8. The Square dir. Ruben Östlund - Biting satire about the intersection of the world of modern art and the human foibles that come with trying to live up to the moral standards that are explored in that art.

7. Call Me by Your Name - dir. Luca Guadagnino - Beautiful story of first love, self-discovery, growing up, and gorgeous Italian vistas.

6. Three Billboards Outside Ebbing, Missouri dir. Martin McDonagh - 

5. Lady Bird dir. Greta Gerwig - A really tremendous first feature from Gerwig who paints a portrait (along with a stunning performance by Saoirse Ronan) of the American teenager.

4. Film Stars Don't Die in Liverpool - dir. Paul McGuigan - My rather unconventional choice to include in a top ten, and so far up the list too. But I was completely drawn in by the romance between aging Hollywood icon Gloria Graham (beautifully portrayed by Annette Bening) and her much younger beau played by Jamie Bell.

3. The Florida Project dir. Sean Baker - A movie that forces audiences to confront a forgotten class of people who live on the margins of society. The underclass, the poor, the destitute - however you choose to refer to them, they exist in our country and they raise children in conditions that we lament from our lofty middle and upper class economic positions. But Baker attempts to show us that even these children whom we believe to be disadvantaged have imaginations as rich or even richer than any others. Living just outside Walt Disney World Resort and financially barred from entrance (an irony considering these children could benefit from Disney magic perhaps more than the well-off children who frequent it), they nevertheless make vivid use of their surroundings to create a rich and developed fantasy world of their own.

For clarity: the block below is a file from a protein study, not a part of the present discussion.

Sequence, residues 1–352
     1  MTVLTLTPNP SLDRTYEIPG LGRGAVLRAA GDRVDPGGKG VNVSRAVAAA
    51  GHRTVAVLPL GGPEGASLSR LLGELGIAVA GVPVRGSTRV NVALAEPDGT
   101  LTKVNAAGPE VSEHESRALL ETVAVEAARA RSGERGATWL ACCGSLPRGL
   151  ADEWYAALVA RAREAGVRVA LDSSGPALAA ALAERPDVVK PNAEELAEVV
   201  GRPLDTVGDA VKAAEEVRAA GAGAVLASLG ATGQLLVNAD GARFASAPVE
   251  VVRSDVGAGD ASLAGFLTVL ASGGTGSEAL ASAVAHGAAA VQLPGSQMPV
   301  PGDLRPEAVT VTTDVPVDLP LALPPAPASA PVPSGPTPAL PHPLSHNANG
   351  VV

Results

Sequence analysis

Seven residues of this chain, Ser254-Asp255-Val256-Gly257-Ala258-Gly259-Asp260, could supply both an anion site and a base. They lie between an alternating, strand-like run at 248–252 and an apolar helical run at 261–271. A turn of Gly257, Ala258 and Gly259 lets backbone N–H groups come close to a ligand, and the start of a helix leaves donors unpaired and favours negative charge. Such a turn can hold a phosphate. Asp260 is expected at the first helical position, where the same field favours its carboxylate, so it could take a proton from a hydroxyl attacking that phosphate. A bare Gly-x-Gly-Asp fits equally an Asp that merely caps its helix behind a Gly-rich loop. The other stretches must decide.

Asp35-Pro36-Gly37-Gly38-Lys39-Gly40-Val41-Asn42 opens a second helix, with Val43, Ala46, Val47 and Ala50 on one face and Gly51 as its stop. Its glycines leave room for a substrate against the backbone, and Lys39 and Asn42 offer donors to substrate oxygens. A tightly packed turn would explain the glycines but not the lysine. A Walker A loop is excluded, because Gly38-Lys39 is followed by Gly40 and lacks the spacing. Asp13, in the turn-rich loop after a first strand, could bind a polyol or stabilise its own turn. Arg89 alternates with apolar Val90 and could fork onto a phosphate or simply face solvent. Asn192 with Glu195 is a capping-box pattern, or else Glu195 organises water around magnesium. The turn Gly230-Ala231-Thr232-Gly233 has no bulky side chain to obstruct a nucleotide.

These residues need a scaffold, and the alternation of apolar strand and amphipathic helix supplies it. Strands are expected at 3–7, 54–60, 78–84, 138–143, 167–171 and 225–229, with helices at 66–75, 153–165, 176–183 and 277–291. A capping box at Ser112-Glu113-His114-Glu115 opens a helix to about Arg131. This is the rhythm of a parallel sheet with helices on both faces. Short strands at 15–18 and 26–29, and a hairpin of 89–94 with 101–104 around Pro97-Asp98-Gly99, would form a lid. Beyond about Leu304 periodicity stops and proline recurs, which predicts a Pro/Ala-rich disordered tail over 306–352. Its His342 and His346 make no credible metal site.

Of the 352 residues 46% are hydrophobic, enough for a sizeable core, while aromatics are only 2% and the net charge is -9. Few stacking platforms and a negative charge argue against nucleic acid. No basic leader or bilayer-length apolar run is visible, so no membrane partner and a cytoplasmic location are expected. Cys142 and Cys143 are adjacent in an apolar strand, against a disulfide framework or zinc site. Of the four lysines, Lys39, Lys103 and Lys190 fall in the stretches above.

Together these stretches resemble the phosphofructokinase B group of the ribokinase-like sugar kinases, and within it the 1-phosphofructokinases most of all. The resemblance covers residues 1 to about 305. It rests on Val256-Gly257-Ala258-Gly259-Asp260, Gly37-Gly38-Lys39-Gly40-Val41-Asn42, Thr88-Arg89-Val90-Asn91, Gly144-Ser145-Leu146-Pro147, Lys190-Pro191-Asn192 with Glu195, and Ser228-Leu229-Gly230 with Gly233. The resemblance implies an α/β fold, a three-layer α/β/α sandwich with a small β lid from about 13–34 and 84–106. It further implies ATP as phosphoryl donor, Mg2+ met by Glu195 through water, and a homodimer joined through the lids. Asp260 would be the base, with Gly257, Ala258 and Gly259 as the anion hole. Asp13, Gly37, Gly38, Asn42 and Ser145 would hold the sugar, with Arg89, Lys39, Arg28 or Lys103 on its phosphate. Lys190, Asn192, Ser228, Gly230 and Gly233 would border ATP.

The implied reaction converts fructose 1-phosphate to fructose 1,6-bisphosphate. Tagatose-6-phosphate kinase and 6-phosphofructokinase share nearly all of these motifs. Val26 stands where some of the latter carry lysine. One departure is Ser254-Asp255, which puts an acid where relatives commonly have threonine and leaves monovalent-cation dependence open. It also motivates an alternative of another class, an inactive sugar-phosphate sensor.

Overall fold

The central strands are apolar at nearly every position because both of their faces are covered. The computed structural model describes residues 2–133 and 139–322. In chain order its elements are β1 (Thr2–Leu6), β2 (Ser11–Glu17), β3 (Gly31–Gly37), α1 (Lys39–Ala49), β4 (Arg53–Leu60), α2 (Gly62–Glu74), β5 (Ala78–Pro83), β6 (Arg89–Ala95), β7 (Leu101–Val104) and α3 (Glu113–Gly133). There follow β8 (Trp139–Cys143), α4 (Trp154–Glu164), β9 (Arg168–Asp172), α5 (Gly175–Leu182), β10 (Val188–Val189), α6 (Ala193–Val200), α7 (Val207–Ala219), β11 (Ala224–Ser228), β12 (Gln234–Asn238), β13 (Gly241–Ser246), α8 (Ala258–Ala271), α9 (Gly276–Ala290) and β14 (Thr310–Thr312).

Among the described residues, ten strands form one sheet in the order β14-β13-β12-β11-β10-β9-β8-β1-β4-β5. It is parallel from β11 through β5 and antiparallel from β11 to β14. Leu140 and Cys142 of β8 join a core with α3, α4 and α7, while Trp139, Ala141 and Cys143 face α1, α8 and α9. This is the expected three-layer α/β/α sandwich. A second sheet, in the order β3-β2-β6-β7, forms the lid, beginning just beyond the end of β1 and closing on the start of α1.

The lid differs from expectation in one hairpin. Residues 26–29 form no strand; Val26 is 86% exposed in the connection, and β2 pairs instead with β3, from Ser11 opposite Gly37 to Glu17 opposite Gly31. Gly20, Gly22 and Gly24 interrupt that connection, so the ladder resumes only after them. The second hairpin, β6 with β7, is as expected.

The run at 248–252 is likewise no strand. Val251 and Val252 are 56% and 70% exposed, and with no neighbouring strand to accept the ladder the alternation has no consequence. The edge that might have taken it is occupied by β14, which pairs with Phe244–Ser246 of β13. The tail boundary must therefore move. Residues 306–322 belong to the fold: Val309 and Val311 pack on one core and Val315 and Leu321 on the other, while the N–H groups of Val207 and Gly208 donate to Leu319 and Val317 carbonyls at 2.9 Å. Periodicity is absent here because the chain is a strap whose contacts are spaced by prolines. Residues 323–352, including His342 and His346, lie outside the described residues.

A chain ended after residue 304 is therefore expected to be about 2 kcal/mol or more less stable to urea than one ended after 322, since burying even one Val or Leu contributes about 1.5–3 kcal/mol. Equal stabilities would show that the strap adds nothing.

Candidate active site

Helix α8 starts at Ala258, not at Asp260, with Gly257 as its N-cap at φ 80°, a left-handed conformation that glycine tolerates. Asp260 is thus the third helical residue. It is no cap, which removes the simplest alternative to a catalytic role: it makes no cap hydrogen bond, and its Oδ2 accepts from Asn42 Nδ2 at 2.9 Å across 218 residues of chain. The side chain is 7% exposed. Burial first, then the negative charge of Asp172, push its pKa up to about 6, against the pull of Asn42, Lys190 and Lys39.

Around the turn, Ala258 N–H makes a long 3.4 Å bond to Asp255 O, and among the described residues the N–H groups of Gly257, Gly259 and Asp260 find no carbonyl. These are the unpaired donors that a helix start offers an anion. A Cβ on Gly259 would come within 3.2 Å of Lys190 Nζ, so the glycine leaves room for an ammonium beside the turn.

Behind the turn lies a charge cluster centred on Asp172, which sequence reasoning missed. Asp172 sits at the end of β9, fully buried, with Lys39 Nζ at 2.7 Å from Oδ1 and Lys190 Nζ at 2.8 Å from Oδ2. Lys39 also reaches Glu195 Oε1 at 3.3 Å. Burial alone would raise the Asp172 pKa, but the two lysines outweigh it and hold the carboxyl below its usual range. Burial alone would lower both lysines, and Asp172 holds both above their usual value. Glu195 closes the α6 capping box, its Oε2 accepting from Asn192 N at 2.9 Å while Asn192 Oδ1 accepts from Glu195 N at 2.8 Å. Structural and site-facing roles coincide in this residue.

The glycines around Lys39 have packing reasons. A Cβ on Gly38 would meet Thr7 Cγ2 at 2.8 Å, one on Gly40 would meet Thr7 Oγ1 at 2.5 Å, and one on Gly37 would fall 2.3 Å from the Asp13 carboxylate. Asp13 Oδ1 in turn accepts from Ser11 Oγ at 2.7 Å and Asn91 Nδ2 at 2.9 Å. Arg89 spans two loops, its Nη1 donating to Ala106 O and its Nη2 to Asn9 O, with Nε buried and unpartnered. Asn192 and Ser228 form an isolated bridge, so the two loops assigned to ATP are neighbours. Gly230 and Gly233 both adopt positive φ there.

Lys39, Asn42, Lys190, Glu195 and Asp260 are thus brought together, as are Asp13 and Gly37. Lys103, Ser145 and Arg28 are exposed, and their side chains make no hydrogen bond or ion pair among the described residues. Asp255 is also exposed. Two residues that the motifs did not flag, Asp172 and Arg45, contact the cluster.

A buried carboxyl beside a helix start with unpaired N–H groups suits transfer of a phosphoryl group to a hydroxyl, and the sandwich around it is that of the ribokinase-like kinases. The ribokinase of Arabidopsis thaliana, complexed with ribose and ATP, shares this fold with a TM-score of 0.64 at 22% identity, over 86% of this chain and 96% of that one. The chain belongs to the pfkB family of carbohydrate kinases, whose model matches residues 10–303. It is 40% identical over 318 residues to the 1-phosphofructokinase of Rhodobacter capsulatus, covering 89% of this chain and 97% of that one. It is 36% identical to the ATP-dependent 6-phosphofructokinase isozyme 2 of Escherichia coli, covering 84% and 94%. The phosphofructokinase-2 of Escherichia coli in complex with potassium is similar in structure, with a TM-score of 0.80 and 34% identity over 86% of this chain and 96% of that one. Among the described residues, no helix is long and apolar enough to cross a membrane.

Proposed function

2. Wind River dir. Taylor Sheridan - Even on a second viewing, Sheridan's crime thriller about suffering through grief was deeply, deeply moving. Jeremy Renner gives what I consider to be his best performance. If this movie had been released in December, I think it would have found its way into several Oscar categories.

1. Coco dir. Lee Unkrich - This movie is magical, emotional, moving, uplifting. It's simply perfect. And frankly I'm getting a little tired of Pixar making the year's most perfect movie.

Saturday, March 3, 2018

90th Academy Awards - final predictions (all 24 categories)

Alongside my final predictions for tomorrow night's winners of the 90th Academy Awards, I'm including my initial predictions I made on the day of the nominations announcement, just to compare side-by-side how my thinking has changed (if at all) over the last six weeks.

Best Picture

The Shape of Water

I've waffled a little bit on this one, but ultimately I'm sticking to my guns. Three Billboards could upset, and there's a strong contingent predicting a win for Get Out. And Dunkirk has its supporters. But in the end, I think the fairy tale love story with the most nominations will win.

Thursday, March 1, 2018

Everything I Saw in the Second Half of 2017


This list shows the dates I watched any movies or TV episodes from July - December 2018. Movie titles are followed by year of US release, followed by the media format I used. A star denotes something I had seen before.

I watched 75 feature films, my highest rate of viewing since 2012 (when I watched about 30 extra movies in order to post a horror movie review a day in October of that year). Total for the year is 154, breaking a downward trajectory in that number over the last 5 years.

48 of the films I watched I saw for the first time, once again breaking a 5 year decline.

I watched 27 films I'd already seen and I saw 23 films in the theater.

Thursday, February 22, 2018

How'd I Do? 90th Academy Awards Edition

Top 8 categories: 35/44 (79.5%, so that's lower than the last two years)
Acting: 16/20
Overall: 82/107 (76.6%, definitely higher than the last three years and most likely my best ever)

Picture 7/9

Three Billboards Outside Ebbing, Missouri
The Shape of Water
Lady Bird
Dunkirk
Get Out
The Post
Call Me By Your Name

I missed: Darkest HourPhantom Thread
Predicted: I, TonyaThe Florida Project

Where I went wrong: I was unimpressed by Darkest Hour and thought it might miss on this nomination and I was just hopeful for The Florida Project. I never imagined Phantom Thread would be nominated.